Παρασκευή, 28 Ιανουαρίου 2011

Ethnography and Education, Volume 5 Issue 3 2010

Considering gendered careers: the influence of resilient mothers and sisters upon white working-class young women
Carrie Freie
Pages 229 – 243
This article explores the identity development of a group of white working-class adolescent girls as they consider their futures after high school. Attention is paid to themes of gender and social class as well as the impact of a deindustrialised economy. Despite the fact that few of their parents graduated from college, the girls expressed a strong desire to attend college, viewing college education as an economic necessity. The girls were reconceptualising gender in new ways and, at the same time, were discussing careers, some of which step outside of typical working-class jobs because of the level of education they require. Furthermore, the girls discussed their future plans as stemming from, and informed by, life lessons they had learned from witnessing their mothers' struggles with family, employment and education.

From voicing your opinion to politicised voice: a youth-led social justice class at an urban continuation high school
Kysa Nygreen
Pages 245 – 260
This article examines the work of three urban youths as they designed and taught a social justice class at an urban continuation high school in California, USA. Drawing from a two-year ethnographic study of the project, it shows that youth participants constructed a set of imagined binaries to frame teachers, schoolwork and coercion in opposition to students, voice and liberation. The article examines how the youths distinguished ordinary coercive teaching from their own liberatory teaching, creating a coercive/liberatory binary that served as metaphor for a series of binaries shaping their approach to social justice education: teacher/student, adult/youth and schoolwork/voice. It concludes that although the social justice class accomplished many important aims, the reconstruction of and reliance on a coercive/liberatory binary within the project ultimately limited its effectiveness as a social justice education effort.

Understanding student resistance as a communicative act
Jeong-Hee Kim
Pages 261 – 276
In the current era of 'zero tolerance', disciplinary practices including punishment, expulsion, physical and psychological surveillance, and confinement are a major part of resistant students' lived experiences. This article is an ethnographic study of student resistance that is observed in an alternative high school in the USA, which serves students expelled from regular schools for their acts of resistance. The purpose of this study is to explore how understanding of the meaning of student resistance can be used as a theoretical and pedagogical medium with which teachers can create an equitable educational milieu that upholds views and experiences of the marginalised students. The study also offers a new insight into resistance theory drawing upon Dewey's transactional theory of resistance as a communicative act to further suggest what might be possible for the teachers and students to transcend conflicts in order to establish a more meaningful teacher-student relationship moving beyond zero-tolerance policies.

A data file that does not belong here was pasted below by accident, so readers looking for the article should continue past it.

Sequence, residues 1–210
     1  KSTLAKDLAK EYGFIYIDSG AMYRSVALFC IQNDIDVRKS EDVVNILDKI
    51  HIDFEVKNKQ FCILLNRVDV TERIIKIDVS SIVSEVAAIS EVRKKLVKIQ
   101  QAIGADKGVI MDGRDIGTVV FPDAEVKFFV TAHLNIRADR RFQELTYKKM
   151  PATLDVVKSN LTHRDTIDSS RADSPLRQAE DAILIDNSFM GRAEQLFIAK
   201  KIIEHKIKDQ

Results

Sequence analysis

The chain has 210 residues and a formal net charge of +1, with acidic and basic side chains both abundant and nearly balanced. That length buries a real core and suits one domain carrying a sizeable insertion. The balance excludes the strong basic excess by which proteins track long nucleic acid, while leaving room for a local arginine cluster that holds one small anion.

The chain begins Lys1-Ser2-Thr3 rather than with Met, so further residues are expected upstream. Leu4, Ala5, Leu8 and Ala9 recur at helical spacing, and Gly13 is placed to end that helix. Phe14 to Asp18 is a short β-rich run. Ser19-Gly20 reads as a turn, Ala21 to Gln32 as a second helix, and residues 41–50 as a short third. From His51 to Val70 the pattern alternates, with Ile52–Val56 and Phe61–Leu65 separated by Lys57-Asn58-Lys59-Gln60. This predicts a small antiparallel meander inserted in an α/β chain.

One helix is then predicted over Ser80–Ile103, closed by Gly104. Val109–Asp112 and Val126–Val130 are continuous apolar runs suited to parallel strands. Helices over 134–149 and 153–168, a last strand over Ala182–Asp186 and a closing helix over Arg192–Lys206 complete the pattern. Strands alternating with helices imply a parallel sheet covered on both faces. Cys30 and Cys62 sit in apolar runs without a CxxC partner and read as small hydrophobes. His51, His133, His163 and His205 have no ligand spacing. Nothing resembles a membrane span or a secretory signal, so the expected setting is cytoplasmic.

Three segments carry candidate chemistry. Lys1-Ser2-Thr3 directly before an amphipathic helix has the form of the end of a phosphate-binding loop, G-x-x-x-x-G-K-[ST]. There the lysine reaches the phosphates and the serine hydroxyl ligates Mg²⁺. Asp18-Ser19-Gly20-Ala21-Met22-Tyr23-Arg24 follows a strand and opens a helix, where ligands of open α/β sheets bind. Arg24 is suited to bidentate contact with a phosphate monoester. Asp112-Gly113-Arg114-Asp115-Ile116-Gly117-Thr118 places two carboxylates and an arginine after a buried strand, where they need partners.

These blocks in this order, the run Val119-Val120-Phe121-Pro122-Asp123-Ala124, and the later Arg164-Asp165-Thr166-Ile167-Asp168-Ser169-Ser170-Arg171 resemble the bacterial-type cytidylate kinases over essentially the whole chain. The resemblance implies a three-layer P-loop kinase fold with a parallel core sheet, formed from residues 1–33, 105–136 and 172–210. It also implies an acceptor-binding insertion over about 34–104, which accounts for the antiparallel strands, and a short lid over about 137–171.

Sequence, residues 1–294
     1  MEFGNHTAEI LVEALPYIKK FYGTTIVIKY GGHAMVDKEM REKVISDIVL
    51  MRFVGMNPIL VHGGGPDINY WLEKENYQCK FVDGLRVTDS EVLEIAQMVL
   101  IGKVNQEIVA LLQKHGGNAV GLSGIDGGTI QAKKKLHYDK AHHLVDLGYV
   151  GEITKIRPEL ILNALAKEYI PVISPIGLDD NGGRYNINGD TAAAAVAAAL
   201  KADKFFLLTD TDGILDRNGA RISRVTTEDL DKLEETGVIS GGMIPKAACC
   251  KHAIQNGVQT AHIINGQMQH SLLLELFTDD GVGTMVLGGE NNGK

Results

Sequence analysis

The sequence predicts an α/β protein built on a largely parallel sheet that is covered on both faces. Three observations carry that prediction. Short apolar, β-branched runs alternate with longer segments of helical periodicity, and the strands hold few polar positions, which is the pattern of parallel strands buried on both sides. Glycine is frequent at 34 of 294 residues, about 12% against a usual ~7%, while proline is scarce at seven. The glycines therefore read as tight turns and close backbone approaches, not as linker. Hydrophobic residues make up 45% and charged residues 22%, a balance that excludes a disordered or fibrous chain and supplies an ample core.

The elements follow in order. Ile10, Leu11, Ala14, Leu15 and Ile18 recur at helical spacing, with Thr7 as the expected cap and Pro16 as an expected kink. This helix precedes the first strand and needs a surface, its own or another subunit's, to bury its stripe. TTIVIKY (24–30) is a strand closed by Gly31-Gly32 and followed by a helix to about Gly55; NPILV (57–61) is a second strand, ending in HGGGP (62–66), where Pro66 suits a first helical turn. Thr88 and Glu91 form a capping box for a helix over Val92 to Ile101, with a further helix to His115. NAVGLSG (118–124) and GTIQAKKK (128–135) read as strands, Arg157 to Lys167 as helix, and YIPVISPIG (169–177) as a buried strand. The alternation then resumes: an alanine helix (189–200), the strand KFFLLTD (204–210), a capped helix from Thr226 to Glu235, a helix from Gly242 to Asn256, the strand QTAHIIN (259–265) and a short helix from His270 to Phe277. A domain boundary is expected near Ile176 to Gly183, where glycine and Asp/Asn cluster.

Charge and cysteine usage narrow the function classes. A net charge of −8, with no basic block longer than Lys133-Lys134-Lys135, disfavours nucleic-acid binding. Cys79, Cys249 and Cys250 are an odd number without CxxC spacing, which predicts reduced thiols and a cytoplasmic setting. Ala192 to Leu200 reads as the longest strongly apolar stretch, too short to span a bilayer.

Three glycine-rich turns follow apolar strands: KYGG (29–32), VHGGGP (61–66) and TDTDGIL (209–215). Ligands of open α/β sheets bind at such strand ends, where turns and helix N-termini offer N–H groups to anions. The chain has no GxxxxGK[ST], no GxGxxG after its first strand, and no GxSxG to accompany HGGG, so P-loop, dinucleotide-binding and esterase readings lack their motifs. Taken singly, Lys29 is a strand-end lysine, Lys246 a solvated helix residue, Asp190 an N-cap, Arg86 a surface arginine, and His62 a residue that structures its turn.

Pedagogic struggles to enhance inclusion and reconciliation in a divided community
Michalinos Zembylas
Pages 277 – 292
This article explores the successes and failures of teachers' pedagogies and school policies to establish a culture of inclusion and reconciliation at a shared secondary school in Cyprus—a school in which students from the two conflicting communities (Greek Cypriots and Turkish Cypriots) are co-educated. Drawing on an ethnographic study based on interviews and observations of six teachers, interviews with students and the school principal, and observations of students' interactions inside and outside the classroom, it is shown that there is resistance to shared education and the formation of reconciliation pedagogies. While most teachers choose to avoid contentious issues rather than exploring them in order to prevent possible conflicts, a few others push for clear integration policies and pedagogies. It is argued that although these efforts are well-intentioned they simply reinforce existing divisions due to the lack of commitment to systemic structural change.